How to Make 28 Teens Feel Special Immediately and Simultaneously: Or How I Manage Conference Notes

One of the most difficult parts of setting up a workshop was figuring out how to use and organize notes.  Those videos that show elementary school teachers walking around at leisure, seeming to write a paragraph on each child?  Not even possible, not even under the best circumstances.


Wall space can also be temporary storage for conference notes and for giving you a “status of the class” picture of student progress.

What follows is a step-by-step guide to How I Workshop.

  • Figure out what you, as a teacher, are out to accomplish.  Are you trying to do a quick check in with each student, or are you going to do extensive work with 2-3 kids?  You need both kinds of conferring styles, I’d argue, but you also know which mode you are using, when, and why.
  • Write down 1-2 words in conference, add notes later if you need to.  When I sweep and chat to each student, as I did today, I’ll scribble in a few more notes after class if I need to.  
  • Notice patterns.  I like using my post-it notes to “snapshot” where students as a whole are and where I need to teach something the following day, especially if I find myself repeating myself over and over again in conferences.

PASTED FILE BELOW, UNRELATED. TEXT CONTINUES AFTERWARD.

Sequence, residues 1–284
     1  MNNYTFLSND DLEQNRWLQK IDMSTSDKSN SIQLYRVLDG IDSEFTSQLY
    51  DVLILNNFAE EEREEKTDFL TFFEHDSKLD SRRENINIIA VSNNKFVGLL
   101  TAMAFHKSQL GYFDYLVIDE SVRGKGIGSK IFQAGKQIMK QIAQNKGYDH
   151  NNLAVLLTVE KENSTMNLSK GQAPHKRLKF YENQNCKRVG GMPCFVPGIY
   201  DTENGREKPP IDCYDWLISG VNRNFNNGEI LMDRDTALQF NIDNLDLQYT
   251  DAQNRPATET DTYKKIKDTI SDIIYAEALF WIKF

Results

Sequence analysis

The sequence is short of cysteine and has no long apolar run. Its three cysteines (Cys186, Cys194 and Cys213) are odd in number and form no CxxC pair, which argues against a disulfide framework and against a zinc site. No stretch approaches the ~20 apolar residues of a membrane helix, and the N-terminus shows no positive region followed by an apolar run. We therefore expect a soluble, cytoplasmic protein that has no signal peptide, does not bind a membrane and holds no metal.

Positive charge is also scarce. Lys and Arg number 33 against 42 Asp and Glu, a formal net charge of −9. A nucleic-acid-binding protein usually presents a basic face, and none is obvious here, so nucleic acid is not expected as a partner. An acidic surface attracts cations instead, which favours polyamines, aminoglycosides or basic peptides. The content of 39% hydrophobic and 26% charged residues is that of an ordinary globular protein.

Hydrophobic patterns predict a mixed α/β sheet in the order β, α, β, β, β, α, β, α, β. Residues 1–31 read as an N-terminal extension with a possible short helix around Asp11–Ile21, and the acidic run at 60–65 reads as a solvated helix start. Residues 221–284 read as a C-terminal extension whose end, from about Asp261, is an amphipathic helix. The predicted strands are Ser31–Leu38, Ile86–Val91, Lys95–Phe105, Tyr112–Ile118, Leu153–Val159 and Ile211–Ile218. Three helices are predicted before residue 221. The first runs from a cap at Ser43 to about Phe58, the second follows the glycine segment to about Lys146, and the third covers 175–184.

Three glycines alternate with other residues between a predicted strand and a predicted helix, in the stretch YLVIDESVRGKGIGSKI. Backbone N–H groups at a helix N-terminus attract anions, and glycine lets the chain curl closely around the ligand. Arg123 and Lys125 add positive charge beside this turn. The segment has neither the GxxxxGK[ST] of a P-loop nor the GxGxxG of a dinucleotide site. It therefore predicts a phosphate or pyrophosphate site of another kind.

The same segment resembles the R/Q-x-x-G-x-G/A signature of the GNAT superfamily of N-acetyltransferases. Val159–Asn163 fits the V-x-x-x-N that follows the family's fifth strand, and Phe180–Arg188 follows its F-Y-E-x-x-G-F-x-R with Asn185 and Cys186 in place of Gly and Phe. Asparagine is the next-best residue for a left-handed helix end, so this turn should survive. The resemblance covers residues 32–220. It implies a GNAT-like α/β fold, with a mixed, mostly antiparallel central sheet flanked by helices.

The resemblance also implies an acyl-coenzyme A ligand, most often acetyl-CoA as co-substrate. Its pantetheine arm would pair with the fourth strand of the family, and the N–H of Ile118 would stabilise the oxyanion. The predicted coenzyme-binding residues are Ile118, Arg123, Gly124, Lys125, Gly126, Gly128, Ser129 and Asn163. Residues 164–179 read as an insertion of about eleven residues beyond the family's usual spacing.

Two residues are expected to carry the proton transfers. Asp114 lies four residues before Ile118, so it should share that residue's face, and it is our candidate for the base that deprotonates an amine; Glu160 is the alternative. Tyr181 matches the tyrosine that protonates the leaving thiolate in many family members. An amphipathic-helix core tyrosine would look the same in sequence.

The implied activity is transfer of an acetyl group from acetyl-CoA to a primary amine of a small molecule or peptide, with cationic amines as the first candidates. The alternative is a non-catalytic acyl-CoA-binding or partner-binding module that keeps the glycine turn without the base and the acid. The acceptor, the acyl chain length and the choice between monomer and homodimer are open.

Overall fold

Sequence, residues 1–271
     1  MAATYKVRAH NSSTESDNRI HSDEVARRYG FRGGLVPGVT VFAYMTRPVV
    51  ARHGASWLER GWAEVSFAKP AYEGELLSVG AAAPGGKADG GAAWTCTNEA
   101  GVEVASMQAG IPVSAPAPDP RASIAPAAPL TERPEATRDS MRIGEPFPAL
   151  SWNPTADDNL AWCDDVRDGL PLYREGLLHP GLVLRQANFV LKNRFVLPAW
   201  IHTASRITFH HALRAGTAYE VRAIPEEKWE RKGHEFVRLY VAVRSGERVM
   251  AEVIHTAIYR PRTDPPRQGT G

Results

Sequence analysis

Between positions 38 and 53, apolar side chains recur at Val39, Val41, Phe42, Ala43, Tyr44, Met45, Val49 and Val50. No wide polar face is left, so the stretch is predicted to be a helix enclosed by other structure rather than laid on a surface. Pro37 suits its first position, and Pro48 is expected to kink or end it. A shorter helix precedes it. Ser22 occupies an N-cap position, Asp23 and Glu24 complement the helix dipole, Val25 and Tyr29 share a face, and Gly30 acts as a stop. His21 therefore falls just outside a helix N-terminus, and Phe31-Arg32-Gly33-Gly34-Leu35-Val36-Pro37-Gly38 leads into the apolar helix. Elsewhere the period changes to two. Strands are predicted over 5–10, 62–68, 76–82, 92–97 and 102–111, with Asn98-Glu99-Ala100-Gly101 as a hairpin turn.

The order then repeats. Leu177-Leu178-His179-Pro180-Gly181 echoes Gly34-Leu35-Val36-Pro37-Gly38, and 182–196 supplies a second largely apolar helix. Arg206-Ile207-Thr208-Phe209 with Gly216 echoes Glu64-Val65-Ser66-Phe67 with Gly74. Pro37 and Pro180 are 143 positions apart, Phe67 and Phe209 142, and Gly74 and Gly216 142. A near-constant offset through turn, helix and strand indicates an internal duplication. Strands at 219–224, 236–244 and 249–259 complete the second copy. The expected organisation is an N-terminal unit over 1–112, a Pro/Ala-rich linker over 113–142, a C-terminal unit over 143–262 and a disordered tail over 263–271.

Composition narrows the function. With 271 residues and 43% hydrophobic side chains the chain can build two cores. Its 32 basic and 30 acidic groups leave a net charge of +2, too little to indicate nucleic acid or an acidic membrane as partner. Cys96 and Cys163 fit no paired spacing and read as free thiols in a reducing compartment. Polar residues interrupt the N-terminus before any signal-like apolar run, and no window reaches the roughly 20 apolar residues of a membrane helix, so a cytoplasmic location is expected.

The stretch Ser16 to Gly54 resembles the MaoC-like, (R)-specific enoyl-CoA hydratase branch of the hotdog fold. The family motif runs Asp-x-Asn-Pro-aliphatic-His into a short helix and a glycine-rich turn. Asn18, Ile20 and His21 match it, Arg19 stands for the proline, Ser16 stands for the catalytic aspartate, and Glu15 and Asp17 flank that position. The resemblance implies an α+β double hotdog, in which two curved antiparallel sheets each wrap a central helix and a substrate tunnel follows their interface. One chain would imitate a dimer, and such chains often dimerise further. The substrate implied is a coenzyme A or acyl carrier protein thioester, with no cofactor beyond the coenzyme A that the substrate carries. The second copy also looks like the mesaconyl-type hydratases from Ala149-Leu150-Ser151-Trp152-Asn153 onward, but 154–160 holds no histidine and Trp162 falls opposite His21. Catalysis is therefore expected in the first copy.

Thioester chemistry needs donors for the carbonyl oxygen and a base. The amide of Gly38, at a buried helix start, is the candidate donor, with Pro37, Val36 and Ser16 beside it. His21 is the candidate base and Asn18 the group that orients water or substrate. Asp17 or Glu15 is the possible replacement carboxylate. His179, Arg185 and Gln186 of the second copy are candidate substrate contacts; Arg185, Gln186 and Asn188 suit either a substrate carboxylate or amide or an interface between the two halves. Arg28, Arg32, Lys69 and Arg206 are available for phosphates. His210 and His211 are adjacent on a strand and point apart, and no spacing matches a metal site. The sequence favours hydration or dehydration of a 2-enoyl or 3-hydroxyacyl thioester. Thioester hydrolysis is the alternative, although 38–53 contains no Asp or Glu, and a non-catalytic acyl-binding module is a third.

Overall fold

• Diagnose and select students for extended follow up.  If I notice that a student is working on an issue that involves more conversation, I’ll prioritize them for the next day.
  • Save and document information.  I can pop these post-it notes into a plan book.

How do you manage your conference notes?

Amy Estersohn is a middle school English teacher in New York.  She never met a Post-It Note she didn’t like. 




2 thoughts on “How to Make 28 Teens Feel Special Immediately and Simultaneously: Or How I Manage Conference Notes

  1. Love for all. | Mrs. Love's Blog-0-Rama February 22, 2018 at 6:18 pm Reply

    […] Once again, Three Teachers Talk come up with a comprehensive list of how to give feedback in a timel… The value of using Canvas cannot be overstated. Being able to communicate with each student with feedback makes this important practice easier and in real-time. One drawback is, however, that big, visible space that students are doing things–if evaluators can’t see it, they often don’t recognize or realize, or even respect, that it is happening. […]


  2. Smith-Chavira Terri February 8, 2017 at 7:38 am Reply

    Great info! Cris Tovani offers much insight into this extremely valuable connection!


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